Rich Internet Applications – the true deliverable of the cloud

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I am still struck by how tenuously so many in the IT industry cling to their belief in the ubiquitous unchanging nature of the client – server model, and how any new ‘disruptive’ technology is somehow not going to disrupt this model. I set out to write this as something of a personal crusade, but […]

I am still struck by how tenuously so many in the IT industry cling to their belief in the ubiquitous unchanging nature of the client – server model, and how any new ‘disruptive’ technology is somehow not going to disrupt this model. I set out to write this as something of a personal crusade, but as you will see at the end by accident the timing was good, and it seemed that others including the great Ray Ozzie and Steve Jobs, came to my rescue by making their own views public.
The trigger for me was the pre-release of the Microsoft Internet Explorer 9, IE 9, browser at the end of September representing the first in a series of browser releases that move the capabilities of the browser into a more suitable vehicle for delivering cloud services. Google Chrome 7 is on the starting blocks, and Mozilla FireFox 4 is at beta release 6, as well as more specialsed browsers such as Opera, which is popular for mobile devices, also moving towards significant changes. These new releases are not just about boosting speed – though Google claims that Chrome 7 is up to sixty times faster – they are about supporting a new generation of Rich Internet Applications, RIAs, that go beyond the display of content from the web that has dominated the design of the current generation of browsers.

RIAs are in use today as improvements in graphics around content have been developing for some time, and lie behind the success of Adobe and the introduction of HTML 5. However, the goal is now to seamlessly blend content with process in a continuous uninterrupted flow that will enable browsers to smoothly scroll through and handle complex long running interactions with content that will also be interspersed with application style transactions. The current progress through a series of web pages interspaced with relatively long waits should become a thing of the past.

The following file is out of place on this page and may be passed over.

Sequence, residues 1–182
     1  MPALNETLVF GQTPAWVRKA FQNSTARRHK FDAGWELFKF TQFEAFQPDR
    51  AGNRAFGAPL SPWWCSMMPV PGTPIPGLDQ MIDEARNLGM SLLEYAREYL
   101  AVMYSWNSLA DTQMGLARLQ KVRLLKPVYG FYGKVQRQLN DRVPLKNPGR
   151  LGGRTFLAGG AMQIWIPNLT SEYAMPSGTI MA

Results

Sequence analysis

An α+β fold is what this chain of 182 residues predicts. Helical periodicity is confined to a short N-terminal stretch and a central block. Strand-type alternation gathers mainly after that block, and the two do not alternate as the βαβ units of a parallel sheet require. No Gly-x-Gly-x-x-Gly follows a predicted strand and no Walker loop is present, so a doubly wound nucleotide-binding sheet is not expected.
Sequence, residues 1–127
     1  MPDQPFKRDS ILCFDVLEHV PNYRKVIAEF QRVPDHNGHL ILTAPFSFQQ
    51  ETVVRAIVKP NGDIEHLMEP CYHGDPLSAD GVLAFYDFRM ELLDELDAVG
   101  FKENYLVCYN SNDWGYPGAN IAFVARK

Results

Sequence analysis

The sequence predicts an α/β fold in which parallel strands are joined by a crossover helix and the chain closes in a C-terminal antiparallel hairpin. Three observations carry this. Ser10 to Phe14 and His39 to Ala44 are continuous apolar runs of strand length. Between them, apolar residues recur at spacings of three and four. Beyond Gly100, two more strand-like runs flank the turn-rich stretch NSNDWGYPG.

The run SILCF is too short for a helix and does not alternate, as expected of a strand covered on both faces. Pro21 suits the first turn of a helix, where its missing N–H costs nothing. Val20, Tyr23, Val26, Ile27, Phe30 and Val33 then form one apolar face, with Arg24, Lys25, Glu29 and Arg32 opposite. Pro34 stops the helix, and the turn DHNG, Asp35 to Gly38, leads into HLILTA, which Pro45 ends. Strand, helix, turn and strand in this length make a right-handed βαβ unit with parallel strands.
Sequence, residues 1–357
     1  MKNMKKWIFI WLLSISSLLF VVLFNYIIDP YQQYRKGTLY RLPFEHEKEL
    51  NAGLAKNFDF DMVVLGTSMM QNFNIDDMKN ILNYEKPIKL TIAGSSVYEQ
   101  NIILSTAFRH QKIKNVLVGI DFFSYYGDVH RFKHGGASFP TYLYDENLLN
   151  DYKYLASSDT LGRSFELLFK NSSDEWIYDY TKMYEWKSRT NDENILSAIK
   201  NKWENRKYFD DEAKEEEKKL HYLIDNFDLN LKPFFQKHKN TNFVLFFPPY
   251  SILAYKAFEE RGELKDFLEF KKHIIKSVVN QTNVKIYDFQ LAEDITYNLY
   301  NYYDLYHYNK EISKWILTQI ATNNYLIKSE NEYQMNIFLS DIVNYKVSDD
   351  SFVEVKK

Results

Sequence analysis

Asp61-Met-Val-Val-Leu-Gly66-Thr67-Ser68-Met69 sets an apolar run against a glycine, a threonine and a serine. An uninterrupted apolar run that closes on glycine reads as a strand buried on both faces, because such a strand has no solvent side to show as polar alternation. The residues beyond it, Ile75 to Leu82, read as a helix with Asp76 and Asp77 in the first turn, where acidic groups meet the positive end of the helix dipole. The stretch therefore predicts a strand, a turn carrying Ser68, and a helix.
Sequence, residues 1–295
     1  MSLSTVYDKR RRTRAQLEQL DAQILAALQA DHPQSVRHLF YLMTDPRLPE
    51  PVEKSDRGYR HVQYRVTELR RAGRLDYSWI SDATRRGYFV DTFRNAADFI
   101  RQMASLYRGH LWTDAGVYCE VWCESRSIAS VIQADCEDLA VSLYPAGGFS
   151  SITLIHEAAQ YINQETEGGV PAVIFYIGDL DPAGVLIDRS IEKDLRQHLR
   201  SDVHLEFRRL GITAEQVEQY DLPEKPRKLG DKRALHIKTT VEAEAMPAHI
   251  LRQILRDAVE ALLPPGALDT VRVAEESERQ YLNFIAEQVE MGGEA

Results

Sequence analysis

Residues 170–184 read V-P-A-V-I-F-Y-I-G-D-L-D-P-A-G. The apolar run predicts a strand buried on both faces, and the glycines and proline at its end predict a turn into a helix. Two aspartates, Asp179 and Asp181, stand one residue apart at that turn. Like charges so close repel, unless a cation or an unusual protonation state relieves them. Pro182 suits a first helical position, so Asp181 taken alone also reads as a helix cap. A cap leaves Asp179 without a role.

At the heart of these changes is the need for browsers to have new capabilities to carry out their role as the delivery mechanism for the more complex ‘services’, or orchestrations of ‘services’ that the shift to genuine cloud computing will provide. This requires the browser to move beyond being a simple display device for content and making few demands on the PC, or device, on which it is running, to actually requiring both the operating system and the hardware being designed to support it. In the case of Microsoft IE9 this means a Windows 7 Operating System and the presence of a Graphics Processor Unit as part of the hardware, and in the competition with Chrome it again is orders of magnitude faster. Unlike earlier browsers which can only make use of 5 to 10% of the device processing power, these new super browsers can make use of all most all of the available power, hence the release of Google Chrome 7 comes at the same time as the launch of a full scale Chrome Operating System.
To date the simplicity of browsers has allowed new capabilities to be built and delivered as web-based services and therefore to delay desktop refresh cycles. Now ironically it is likely that a switch to full scale use of Rich Internet Apps running as services invoked and delivered from clouds requiring new next generation browsers will become the reason for many enterprises to bring forward their delayed desktop refreshment. However, this may not take the form of refreshment of like for like desktop PCs, this may be the moment when more liberal policies offering the opportunity to users to provision their own devices, or to chose to start a corporate move to switching to tablet PCs, or smartphones, becomes a practical reality.
The real business reason underpinning these changes is not the browser, nor is it clouds in themselves, but it’s the new valuable business capabilities that can be built and deployed using a combination of the two. However first it is important to grasp how different this new environment is against the current IT environment. Think of browser/cloud as the new equivalent to client/server in terms of the approach with ‘services’ replacing applications, and Orchestrated Processes replacing ERP style procedures to get a grasp of the breadth of the change. Correctly browser/cloud should be defined as a ‘loose, coupled and stateless’ environment which is demand-driven and non deterministic in its use of resources. By contrast client/server is ‘tight coupled and stateless’ and its use of resources can be allocated by calculating certain factors.